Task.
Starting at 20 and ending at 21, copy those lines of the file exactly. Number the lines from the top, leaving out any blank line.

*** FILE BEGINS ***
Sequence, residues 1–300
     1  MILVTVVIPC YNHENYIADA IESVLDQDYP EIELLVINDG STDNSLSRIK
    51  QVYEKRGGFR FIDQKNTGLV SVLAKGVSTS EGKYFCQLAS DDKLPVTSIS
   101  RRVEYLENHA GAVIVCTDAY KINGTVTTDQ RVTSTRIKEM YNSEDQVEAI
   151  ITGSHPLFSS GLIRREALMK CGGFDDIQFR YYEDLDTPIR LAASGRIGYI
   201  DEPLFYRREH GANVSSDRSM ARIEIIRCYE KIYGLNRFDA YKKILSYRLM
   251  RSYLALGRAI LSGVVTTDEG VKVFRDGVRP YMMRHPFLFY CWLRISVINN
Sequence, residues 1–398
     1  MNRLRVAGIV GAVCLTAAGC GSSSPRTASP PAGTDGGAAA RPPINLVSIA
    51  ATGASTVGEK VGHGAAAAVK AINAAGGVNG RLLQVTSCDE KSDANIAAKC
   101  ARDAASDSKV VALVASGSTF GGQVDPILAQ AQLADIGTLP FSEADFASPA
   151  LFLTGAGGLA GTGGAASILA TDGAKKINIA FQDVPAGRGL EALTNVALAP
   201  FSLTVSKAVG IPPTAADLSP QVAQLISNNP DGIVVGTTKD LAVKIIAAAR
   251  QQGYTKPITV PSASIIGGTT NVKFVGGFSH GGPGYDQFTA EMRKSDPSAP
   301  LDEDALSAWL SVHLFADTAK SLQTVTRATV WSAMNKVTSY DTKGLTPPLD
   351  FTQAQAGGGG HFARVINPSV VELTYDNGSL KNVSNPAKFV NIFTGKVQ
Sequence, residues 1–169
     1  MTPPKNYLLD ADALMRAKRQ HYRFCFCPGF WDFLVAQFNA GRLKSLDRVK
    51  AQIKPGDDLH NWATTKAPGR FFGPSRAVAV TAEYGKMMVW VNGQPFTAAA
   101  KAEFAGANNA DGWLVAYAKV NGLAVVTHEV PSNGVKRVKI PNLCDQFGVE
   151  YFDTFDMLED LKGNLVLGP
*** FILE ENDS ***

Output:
   101  KAEFAGANNA DGWLVAYAKV NGLAVVTHEV PSNGVKRVKI PNLCDQFGVE
   151  YFDTFDMLED LKGNLVLGP